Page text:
South Korea Poised for Offshore Wind Boom, But Permitting Delays Threaten Progress

Ambitious offshore wind target promises jobs, investment, but slow permitting threatens progress.

South Korea’s ambitious plan to install 14.3 gigawatts of offshore wind power by 2030 could create a clean energy bonanza, revitalizing coastal communities and generating billions of dollars in investments, according to a new report by the Global Wind Energy Council (GWEC).

The report, titled “How Offshore Wind Development Can Support Coastal Regeneration,” highlights the potential for over 770,000 jobs across various skill levels and an estimated 87 trillion won (US$70 billion) in economic investment over seven years. However, the report also warns that slow permitting processes, which can take up to a decade, pose a significant threat to achieving these goals.

“Offshore wind is a good news story for South Korea,” said Rebecca Williams, Global Head of Offshore Wind at GWEC. “Our report shows that 14.3GW of offshore wind can create a huge energy and economic opportunity, revitalizing coastal communities across the country.”

Currently, only 150 megawatts of the targeted capacity has been installed. Streamlining the permitting process, which the proposed Offshore Wind Power Promotion Act aims to achieve, is crucial to unlocking this potential.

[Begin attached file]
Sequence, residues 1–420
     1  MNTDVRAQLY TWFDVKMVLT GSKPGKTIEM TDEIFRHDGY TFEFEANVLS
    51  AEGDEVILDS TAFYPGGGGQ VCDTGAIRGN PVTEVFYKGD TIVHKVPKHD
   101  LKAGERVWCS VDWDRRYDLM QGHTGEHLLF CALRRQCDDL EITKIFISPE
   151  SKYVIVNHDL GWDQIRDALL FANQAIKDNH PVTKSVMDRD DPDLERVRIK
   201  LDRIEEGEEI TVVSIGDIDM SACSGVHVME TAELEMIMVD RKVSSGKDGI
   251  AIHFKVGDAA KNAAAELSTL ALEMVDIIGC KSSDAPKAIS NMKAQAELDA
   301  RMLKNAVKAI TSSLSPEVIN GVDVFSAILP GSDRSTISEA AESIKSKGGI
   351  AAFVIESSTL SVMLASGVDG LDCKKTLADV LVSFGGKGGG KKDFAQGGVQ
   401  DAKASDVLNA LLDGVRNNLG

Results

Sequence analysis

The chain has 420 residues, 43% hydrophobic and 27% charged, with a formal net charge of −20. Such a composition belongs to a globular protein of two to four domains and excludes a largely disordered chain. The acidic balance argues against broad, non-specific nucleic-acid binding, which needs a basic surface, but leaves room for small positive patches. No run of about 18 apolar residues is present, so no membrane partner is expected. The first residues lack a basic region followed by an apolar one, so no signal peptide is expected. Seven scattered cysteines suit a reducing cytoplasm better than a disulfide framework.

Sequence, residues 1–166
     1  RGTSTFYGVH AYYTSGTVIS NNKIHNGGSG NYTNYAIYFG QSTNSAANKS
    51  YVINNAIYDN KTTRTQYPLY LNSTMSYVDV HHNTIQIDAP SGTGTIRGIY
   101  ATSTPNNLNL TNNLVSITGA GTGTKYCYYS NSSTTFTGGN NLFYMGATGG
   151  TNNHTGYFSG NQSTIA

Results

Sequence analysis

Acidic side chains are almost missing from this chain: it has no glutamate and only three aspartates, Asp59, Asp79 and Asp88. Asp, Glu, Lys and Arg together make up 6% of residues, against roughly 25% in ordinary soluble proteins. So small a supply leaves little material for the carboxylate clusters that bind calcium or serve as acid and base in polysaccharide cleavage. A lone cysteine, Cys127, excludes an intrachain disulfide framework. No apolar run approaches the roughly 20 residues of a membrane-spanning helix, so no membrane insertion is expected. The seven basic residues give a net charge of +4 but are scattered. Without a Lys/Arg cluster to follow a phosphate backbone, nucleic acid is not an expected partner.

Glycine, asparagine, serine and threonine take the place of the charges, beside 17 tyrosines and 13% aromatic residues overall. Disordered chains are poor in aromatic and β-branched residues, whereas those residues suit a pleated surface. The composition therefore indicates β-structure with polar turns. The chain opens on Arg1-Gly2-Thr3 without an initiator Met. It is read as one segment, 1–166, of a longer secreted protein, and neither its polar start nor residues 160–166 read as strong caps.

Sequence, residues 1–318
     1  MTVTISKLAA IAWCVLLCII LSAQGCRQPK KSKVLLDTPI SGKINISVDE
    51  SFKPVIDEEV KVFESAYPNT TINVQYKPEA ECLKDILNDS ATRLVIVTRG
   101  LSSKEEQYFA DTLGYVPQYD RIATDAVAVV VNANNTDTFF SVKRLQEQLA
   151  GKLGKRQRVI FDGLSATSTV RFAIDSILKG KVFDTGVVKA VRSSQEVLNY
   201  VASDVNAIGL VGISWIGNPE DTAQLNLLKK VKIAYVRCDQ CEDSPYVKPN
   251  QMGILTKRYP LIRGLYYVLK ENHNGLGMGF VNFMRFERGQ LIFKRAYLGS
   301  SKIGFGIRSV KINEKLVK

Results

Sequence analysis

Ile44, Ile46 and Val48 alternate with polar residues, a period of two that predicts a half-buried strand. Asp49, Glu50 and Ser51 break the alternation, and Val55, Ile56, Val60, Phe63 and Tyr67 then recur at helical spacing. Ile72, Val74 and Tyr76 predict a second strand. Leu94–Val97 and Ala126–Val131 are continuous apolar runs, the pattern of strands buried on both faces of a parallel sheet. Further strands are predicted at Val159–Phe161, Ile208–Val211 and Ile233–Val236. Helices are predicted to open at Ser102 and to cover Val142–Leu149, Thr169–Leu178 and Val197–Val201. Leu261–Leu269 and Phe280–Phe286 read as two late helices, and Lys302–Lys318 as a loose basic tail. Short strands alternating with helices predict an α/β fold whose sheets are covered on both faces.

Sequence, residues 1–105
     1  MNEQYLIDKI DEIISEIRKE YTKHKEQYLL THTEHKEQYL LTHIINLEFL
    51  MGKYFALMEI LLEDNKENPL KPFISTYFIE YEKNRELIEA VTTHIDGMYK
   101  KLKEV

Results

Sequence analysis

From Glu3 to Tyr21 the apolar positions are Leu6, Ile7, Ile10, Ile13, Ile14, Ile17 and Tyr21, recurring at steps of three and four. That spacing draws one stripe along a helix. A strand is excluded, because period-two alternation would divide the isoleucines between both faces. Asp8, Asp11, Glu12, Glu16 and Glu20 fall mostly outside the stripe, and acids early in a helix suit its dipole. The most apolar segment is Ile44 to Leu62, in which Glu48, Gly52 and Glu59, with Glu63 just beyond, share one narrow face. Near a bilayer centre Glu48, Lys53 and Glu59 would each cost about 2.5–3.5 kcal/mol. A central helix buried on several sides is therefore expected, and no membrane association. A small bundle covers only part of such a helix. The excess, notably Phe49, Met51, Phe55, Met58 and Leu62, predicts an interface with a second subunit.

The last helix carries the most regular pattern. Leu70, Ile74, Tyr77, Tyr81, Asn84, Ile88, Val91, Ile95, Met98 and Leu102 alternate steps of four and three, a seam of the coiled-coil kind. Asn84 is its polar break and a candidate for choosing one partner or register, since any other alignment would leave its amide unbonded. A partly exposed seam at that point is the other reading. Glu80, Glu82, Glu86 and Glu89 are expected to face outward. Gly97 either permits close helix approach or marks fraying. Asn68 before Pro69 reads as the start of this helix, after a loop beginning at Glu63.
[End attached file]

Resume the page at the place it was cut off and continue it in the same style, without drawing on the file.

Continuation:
The report emphasizes building local support for offshore wind projects. Engaging with communities early on and fostering trust with the fishing industry are key aspects. GWEC recommends a roadmap for collaboration with fisheries, outlining practical steps to ensure coexistence between wind farms and fishing activities.

“Fishermen worry about the potential loss of livelihood due to offshore wind development,” said Cho Kong-jang, Director General of Sustainability Strategy Research Group at the Korea Environment Institute. “However, it is possible for fisheries and offshore wind farms to coexist.”

The report highlights successful international case studies and encourages South Korea to learn from existing examples. Public-private councils and regional wind master plans are recommended to prioritize community-focused development.

GWEC’s report serves as a call to action for South Korean policymakers. By addressing permitting delays and fostering collaboration with stakeholders, South Korea can unlock the vast potential of offshore wind and achieve its clean energy goals while revitalizing coastal communities.